Yes. You read the headline correctly. The trucking industry is desperate for new truckers. The pandemic forced many truckers to leave the industry due to health concerns and the lack of demand for as many products as before the pandemic. The possibility that autonomous trucks may take over many truck routes is also scaring away new truck drivers. In addition, trucking is a dangerous profession that causes numerous injuries and fatalities.
According to a report in Jalopnik, a Texas company is offering the $14,000 a week salary for drivers who have experience. The Texas company, Sisu Energy, handles mainly fuel deliveries. Jim Grundy, Sisu Energy’s CEO and owner stated that one of the reasons the East Coast in the US is having a fuel crunch is because there simply aren’t enough trucks to deliver the fuel.
He continued by stating that the pandemic forced fuel transport rates down because there wasn’t a strong demand to haul fuel, because many people were staying home. Consumers weren’t driving. Now that demand is increasing, there’s a tremendous shortage of truckers who are qualified to haul gasoline.
Grundy says that more than just gasoline will be affected. There will now be increased demand for wood for construction and retail products such as clothing and food. Grundy expects that the shortage of experienced truckers will continue way beyond the summer of 2021. He anticipates the shortage of truck drivers could last for several years.
To qualify for the $14,000 a week salary, truck drivers must be at least 25 years old and have at least two years of truck driving experience. The company’s insurance won’t cover younger and less experienced drivers. Chris Spear, the President and CEO of the American Trucking Association (ATA), and more than 100 other trucking organizations are working to encourage insurers and trucking companies to hire younger drivers too due to the increased demand.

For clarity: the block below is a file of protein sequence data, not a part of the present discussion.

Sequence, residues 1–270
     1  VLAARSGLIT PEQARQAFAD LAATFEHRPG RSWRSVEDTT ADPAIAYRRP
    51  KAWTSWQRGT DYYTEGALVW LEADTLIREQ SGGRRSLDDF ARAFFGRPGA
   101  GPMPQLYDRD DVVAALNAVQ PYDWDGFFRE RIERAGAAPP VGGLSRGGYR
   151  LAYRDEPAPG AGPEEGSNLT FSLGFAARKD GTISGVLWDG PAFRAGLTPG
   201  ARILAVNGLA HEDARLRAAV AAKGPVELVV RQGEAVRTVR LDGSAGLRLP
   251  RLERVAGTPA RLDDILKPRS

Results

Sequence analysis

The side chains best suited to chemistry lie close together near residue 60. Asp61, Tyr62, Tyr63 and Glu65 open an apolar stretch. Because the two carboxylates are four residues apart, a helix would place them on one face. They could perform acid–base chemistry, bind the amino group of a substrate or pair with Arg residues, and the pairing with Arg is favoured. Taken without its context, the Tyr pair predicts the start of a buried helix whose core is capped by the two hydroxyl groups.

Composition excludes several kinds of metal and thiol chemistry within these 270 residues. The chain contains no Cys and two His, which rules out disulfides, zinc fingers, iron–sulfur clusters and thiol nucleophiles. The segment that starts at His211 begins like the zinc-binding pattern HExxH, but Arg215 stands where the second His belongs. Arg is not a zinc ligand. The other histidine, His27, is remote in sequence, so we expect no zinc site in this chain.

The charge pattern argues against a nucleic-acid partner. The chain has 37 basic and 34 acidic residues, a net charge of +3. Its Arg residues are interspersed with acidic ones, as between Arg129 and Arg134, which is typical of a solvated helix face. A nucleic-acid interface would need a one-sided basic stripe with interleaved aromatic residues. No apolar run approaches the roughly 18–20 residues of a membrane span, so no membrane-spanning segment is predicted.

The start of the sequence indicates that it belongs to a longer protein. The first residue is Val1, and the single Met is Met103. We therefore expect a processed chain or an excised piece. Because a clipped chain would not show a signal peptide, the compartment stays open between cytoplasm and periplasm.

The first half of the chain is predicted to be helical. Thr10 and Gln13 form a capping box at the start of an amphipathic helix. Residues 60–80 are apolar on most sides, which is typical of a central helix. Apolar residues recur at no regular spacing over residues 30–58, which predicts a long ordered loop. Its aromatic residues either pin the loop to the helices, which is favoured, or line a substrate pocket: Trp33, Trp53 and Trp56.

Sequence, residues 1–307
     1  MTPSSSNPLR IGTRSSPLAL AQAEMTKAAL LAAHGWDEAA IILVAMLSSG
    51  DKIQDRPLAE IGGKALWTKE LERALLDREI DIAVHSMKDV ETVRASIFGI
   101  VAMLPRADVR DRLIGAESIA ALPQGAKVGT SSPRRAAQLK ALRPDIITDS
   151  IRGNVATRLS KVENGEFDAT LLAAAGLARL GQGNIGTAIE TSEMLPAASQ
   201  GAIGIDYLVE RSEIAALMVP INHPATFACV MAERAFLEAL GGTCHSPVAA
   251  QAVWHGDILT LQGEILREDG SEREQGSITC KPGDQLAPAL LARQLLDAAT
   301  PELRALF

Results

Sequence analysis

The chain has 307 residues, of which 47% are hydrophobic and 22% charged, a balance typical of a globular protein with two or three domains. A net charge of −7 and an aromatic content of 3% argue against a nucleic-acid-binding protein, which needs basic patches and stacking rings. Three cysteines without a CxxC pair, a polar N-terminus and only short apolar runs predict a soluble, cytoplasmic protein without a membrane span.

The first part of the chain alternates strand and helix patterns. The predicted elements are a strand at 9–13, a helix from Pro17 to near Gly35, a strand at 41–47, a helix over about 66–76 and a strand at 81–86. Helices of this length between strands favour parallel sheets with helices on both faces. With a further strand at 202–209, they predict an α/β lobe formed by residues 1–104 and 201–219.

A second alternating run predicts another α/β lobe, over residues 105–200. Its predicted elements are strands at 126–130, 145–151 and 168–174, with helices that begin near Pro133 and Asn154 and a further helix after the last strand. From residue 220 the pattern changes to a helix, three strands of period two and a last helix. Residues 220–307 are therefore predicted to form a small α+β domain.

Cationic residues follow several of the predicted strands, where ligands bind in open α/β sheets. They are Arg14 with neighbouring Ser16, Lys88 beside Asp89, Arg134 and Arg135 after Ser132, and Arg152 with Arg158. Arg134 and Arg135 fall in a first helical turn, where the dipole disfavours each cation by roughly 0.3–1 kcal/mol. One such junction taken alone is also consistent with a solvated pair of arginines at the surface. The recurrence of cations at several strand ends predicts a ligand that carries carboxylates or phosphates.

Spear says that over the next 5-10 years, the trucking industry will need to hire 1.1 million people to meet the demand for products. The ATA estimates that there was a 61,000 shortfall of truck drivers at the end of 2019. The pandemic only made that shortfall worse. More and more, trucks are relied upon to move freight. Spears estimates truckers will need to move more than 2.4 billion tons of freight than they currently do.
“Breakdowns in our surface transportation infrastructure, as well as a severe and widening truck driver and diesel technician shortage, threaten the industry’s ability to keep goods moving safely and on time,” Spear told the Senate Commerce, Science & Transportation Committee. Traffic congestion on the federal highway system already costs the trucking industry more than a billion hours of lost productivity – which is the equivalent of “more than 425,000 drivers sitting idle for an entire year — adding $75 billion to the cost of freight transportation.”
Spear’s organization and the other 100 plus organizations are working, on a bipartisan basis, to reduce the minimum age limit for driving trucks in interstate commerce from 21-years-of-age to 18-years-of-age. The push comes in the form of Congressional legislation called the DRIVE Safe Act.
Spear argues that if 18-years are fit to serve our country and protect our freedom abroad, then he’s sure they can be trained to drive across state lines in a Class A truck.
The demands of being a truck driver
The $14,000 a week salary isn’t just because of the shortage of truck drivers. Truck driving is a dangerous profession. Truck drivers who are lucky enough to avoid physical injuries or death often suffer emotional injuries due to the brutally long hours on the road. Many drivers spend weeks at a time away from their families.